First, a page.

Today’s text is rich with ambiguity, like so many of the complex tales recorded in the books of Samuel, surely among the finest literature in the ancient world. The story itself is well known. Samuel, having been left with the aging priest Eli at the shrine of Shiloh by his mother in fulfillment of her vow that finally brought her a son, “was ministering (serving) YHWH in the presence of Eli” (1 Sam.3:1). Though the NRSV translates “under Eli,” which may be the implication due to Samuel’s youth, the Hebrew merely says that Samuel’s service was done in Eli’s presence. It was a difficult time for Israel, because “YHWH’s word was very precious (that is “rare”) in those days; visions were hardly seen” (1 Sam.3:1). Eli’s advanced age and near blindness, though he remained chief priest, were debilitating factors in the lack of divine contact in the land.
But that soon changes as Samuel, the young temple servant, receives a visitation from YHWH. Famously, God calls him three times, each time running toward the old priest, imagining that he has demanded the boy’s presence. During the third visit, Samuel is given a monstrous task; he is commanded by YHWH to announce to his old mentor that his days as YHWH’s priest are over, based on the fact that though Eli’s sons were “blaspheming for themselves,” perhaps meaning “on their own,” Eli did nothing to restrain their evil (1 Sam.3:13). As a result, YHWH shouts, “I swear to the house of Eli that the evil of Eli’s house will not be covered over (expiated) by sacrifice or (any sort of) offering forever” (1 Sam.3:14)! The very first words from YHWH that Samuel claims to have heard involve the cruel deposition of a failing priest, an old, blind man who has spent all of his days in YHWH’s service. And that there is no way ever for the ancient servant to find any forgiveness from God! With those withering words, Samuel imagines that his role as prophet in Israel must include harsh and unyielding demands from his God. Words do matter!
As the story continues, Samuel is reluctant to relay the horrible prophecy to Eli, acting as if nothing has happened. He “opens the doors of the temple,” as always, because “Samuel was afraid to tell the vision to Eli” (1 Sam.3:15). But the old man is having none of it; he demands from the boy the full truth of what YHWH has said. So, Samuel “told him everything and hid nothing from him” (1 Sam.3:18). YHWH’s harshness is matched by the servant Samuel. Eli’s reply is instructive and richly ambiguous. It may be read as: “It is YHWH who will do whatever is good in the God’s eyes,” a clear statement that YHWH’s will may never be questioned or contradicted. Or it may read, as in the NRSV: “It is YHWH; let ‘him’ do whatever seems good to ‘him’.” The latter translation suggests that YHWH is free to act however YHWH wishes, and Eli accepts fully those actions. The former reading may imply that YHWH is indeed a harsh and demanding God, and cannot be questioned in any way. The difference is subtle but important. Either God is a cruel taskmaster who bends followers to every divine whim, or YHWH is free to offer good or bad favors to the people, and is completely free to provide either. In either case, YHWH is fully free, but in the former YHWH is decidedly pitiless and hardhearted.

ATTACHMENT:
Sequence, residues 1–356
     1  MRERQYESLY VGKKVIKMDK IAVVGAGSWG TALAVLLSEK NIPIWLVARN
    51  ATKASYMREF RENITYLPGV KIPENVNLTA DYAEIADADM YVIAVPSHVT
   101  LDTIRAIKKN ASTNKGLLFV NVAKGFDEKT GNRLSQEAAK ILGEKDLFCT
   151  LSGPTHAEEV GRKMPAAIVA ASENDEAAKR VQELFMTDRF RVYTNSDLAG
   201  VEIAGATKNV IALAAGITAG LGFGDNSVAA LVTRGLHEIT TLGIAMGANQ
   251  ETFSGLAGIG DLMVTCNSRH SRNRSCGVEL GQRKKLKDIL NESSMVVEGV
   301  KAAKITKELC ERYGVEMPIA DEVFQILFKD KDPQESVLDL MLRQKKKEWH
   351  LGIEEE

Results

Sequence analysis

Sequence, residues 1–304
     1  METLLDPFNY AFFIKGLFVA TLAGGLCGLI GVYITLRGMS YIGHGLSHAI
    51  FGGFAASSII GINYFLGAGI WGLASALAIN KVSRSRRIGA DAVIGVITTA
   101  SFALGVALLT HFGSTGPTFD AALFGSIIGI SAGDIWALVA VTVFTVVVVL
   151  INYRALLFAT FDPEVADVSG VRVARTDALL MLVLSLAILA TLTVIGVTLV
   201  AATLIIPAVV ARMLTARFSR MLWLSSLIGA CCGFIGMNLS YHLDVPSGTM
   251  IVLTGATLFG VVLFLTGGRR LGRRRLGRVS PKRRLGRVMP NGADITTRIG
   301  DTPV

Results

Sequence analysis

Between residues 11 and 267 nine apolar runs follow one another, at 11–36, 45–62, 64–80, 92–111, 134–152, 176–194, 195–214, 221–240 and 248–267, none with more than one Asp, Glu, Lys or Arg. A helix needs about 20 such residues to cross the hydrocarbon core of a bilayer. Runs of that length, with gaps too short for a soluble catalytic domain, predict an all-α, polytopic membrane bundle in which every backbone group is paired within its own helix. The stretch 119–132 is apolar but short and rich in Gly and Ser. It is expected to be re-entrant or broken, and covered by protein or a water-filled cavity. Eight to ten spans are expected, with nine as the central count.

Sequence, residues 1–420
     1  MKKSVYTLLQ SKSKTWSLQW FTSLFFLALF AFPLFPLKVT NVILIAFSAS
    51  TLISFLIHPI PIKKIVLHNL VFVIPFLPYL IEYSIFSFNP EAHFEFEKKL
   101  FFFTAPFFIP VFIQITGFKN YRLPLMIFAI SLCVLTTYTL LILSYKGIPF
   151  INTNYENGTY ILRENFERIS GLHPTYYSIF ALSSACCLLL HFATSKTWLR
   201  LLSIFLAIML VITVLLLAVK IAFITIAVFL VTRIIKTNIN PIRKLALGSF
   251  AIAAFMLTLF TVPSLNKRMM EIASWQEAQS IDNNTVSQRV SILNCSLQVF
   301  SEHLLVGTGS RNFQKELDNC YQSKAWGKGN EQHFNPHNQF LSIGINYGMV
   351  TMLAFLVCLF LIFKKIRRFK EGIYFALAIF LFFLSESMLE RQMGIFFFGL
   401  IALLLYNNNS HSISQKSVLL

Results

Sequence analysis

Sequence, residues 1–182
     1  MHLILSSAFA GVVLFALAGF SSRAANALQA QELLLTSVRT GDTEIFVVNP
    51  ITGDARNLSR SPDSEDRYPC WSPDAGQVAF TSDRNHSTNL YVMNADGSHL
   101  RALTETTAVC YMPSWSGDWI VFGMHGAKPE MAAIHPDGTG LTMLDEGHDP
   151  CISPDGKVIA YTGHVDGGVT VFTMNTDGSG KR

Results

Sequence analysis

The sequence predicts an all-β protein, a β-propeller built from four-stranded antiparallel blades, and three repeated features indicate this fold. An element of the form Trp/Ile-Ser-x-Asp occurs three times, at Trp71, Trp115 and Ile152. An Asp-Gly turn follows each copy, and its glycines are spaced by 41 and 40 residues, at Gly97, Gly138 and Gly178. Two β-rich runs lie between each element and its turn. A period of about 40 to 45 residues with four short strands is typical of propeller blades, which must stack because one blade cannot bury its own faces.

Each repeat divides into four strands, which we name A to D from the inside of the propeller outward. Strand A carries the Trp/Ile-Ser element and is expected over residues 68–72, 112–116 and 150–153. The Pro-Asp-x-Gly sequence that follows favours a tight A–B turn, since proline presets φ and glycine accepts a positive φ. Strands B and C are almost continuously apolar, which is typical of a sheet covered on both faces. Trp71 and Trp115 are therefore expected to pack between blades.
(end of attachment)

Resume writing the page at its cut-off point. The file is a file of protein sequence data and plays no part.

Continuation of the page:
I would suggest that Samuel, because he has first experienced YHWH as a God who demands that he announce a complete rejection of Eli, is quite likely to have understood Eli’s words in the darker sense. YHWH is a God, Samuel is now convinced, who insists on absolute obedience especially when the divine commands are painful and difficult. In the subsequent story of Samuel and his prophecies for YHWH, he will display very little if any grace or comfort in the course of his words. He will be convinced beyond any argument that his words are YHWH’s words and must be followed to the letter. Such a belief, an ancient fundamentalism, will lead Samuel ultimately to confuse his personal words, based on his personal angers and frustrations, with YHWH’s words, imagining that every word from his mouth are nothing less than words directly from the divine lips. Words do matter!